You also want to clean up your head code as much as possible. There’s a lot of junk that goes into your heading code and Yoast gives you a good way to, you know, just get a few things out of there. One of the big ones is the short links. And here, you can hide short links for posts. That is a pretty big deal because WordPress puts in, by default, a short link URL. And that URL can be spidered, and it creates a secondary URL that can end up in the search results competing for space. So you just want to get rid of that. There’s no purpose, no value in that overall. I’m sure somebody, somewhere has a need for that, but for marketing purposes, it’s good just to get rid of that and pull that out.
You also want to optimize your pages and again, this is where the Yoast plugin comes in handy. It gives you some options for optimizing your title and your meta description. Use this for every post and every page on your site so you can customize the title tag, customize your meta descriptions. Now, again, we’re not looking just at keywords here, and what keywords can we get into the title and meta description. But how can we make those things compelling? How can we write a compelling title that makes somebody say, “Yeah, that’s what I’m looking for. I’m going to click in there, and they’re going to deliver the results I want.” Same with the meta description, you know, use that to draw people in and encourage them to click on to your website.
Set up redirects. If you have any URLs that are redirecting, there’s some tools that you can use to automatically redirect if you change a page, you change your URL from one thing to another. The redirect will automatically go into this, but you also want to look at, if you are deleting pages, URLs from your site, make sure you redirect those to the next closest counterpart. And this is very important because search engines come and they find a lot of dead pages. They’re going to have a hard time filtering through your site. It provides some kind of signal that says, “Hey, you know what, your site’s not really being kept up a lot because you’ve got all of these dead URLs.” And the worst thing about that is if those URLs have any kind of link value and they’re suddenly gone, that link value will not stay on your site. It’ll just be lost. If you put in the redirects from any page that has changed and the URL that has changed, you’re able to maintain a good chunk of that value that that page, that now deleted page, has, and you’re transferring that value to another page altogether.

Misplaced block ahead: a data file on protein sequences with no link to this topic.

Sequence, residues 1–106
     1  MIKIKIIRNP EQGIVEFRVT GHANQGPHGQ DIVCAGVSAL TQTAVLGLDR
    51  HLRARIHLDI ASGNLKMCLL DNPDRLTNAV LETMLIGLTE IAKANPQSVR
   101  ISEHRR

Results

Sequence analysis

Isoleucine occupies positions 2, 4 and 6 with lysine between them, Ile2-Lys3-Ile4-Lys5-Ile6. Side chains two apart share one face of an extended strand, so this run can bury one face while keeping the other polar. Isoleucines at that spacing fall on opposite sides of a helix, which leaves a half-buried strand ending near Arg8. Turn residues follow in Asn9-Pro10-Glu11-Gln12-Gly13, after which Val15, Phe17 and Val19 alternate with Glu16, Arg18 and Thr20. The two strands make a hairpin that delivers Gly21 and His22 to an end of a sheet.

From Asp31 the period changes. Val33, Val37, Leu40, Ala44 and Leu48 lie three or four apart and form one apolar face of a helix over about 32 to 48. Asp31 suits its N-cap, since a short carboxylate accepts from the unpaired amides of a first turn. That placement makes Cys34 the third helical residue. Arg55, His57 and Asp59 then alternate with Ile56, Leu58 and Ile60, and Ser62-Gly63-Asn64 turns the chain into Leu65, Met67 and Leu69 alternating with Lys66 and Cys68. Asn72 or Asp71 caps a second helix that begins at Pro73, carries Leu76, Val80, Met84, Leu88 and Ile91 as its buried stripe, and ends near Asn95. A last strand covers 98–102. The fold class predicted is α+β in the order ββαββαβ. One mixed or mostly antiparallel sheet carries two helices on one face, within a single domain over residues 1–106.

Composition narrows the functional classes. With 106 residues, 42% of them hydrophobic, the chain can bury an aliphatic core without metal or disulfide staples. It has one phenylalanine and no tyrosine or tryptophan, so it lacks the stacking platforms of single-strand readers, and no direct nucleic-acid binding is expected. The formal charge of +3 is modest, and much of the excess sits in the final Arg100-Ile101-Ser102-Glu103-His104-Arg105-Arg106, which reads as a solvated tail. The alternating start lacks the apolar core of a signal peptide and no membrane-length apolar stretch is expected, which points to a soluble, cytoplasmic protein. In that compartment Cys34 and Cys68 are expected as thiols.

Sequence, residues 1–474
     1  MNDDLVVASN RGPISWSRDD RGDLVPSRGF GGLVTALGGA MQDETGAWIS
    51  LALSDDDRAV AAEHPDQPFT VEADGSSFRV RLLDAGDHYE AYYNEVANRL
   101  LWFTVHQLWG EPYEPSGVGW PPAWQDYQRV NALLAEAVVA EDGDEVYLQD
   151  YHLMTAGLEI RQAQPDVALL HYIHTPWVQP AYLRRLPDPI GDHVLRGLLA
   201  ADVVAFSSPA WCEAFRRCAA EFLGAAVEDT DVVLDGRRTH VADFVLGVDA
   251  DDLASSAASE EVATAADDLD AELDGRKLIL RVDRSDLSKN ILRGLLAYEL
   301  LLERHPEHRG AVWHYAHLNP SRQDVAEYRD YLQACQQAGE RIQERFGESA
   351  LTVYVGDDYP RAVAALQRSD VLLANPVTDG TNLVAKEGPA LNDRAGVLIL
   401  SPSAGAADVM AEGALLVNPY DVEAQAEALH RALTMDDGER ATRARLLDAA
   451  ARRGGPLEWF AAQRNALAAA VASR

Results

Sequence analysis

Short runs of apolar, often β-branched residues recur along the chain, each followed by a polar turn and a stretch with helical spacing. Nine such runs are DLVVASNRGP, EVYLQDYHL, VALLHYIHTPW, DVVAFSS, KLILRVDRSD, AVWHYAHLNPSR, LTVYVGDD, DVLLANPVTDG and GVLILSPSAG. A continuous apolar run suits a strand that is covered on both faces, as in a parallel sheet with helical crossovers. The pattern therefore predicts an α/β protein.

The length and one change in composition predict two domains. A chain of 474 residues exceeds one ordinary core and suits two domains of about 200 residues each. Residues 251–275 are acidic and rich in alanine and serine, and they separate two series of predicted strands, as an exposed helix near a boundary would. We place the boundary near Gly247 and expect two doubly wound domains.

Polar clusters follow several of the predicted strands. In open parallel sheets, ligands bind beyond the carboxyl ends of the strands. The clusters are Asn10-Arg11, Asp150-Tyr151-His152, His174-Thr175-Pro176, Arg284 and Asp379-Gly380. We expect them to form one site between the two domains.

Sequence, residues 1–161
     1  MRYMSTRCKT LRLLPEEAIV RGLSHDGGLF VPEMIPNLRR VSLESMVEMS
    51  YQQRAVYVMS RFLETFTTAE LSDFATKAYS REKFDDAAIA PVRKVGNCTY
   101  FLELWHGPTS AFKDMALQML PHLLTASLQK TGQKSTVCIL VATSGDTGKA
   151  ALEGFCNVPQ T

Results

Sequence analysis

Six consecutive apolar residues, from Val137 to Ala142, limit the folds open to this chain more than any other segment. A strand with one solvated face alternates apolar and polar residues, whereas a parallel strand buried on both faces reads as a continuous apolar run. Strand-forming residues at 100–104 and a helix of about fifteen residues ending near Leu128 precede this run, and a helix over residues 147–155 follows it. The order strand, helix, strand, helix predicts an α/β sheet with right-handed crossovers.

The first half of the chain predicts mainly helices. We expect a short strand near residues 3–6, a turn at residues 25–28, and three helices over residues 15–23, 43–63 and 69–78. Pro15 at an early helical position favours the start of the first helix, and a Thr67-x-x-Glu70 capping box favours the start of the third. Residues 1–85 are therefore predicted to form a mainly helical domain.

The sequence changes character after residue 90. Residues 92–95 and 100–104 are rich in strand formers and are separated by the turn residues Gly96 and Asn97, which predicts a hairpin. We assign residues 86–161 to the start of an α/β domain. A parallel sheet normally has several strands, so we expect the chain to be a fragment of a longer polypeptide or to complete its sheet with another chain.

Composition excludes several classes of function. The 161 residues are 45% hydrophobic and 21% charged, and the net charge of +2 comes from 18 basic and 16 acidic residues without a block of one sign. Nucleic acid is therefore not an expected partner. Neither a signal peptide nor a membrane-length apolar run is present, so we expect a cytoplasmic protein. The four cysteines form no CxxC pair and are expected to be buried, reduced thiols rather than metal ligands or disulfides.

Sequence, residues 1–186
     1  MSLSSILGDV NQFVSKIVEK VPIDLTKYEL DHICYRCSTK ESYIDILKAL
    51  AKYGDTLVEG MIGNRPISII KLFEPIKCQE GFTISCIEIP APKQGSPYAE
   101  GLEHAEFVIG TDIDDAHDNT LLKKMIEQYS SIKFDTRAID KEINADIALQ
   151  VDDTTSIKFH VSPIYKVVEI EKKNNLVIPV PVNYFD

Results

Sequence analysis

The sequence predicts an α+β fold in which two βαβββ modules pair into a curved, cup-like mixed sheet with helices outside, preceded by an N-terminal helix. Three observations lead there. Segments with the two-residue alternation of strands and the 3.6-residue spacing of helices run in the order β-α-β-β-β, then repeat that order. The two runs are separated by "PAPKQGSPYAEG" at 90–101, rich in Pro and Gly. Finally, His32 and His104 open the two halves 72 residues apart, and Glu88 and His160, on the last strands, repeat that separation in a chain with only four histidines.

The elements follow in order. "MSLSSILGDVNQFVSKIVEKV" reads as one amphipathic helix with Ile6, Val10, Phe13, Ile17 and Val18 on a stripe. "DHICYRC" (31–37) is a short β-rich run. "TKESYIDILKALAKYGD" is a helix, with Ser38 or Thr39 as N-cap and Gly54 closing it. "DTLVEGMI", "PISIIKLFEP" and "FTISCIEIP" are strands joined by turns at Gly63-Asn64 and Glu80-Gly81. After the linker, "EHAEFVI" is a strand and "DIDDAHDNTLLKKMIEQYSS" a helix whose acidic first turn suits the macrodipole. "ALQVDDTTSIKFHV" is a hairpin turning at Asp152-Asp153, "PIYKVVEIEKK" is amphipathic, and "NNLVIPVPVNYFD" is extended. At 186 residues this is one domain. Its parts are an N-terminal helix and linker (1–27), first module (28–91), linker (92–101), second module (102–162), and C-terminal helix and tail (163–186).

Okay, so let’s talk now about optimizing WordPress for your visitors. There’s one aspect of optimization, which is optimizing for search engines. And the other aspect is your visitors. You want to make sure that you deliver a good visitor experience for everybody who comes to your site. One of the things you want to look at is if people are reading your blog through a feed, do you want to give them a summary of the post, or do you want to give them the full text of the post? Now, this is a personal decision for you. Now, there’s pros and cons either way. If you give the full text, then when somebody reads your, or pulls in your site through their feed reader, they can read the entire post right there, and they can get everything they want. Some people say, “Look I want to do a summary because I want to encourage them to click into my site and then read the full post.” Pros and cons of that, fewer people will read your content if they have to click to your site in order to read it. But at the same time, you are getting that traffic, and you are giving people an experience beyond just the post or that particular bit of content in their RSS feed. They are able then to move on and see other things and do other things on your site that you might want them to do, such as download eBooks or buy some products. So you just got to weigh the pros and cons and decide what it is you want to do there.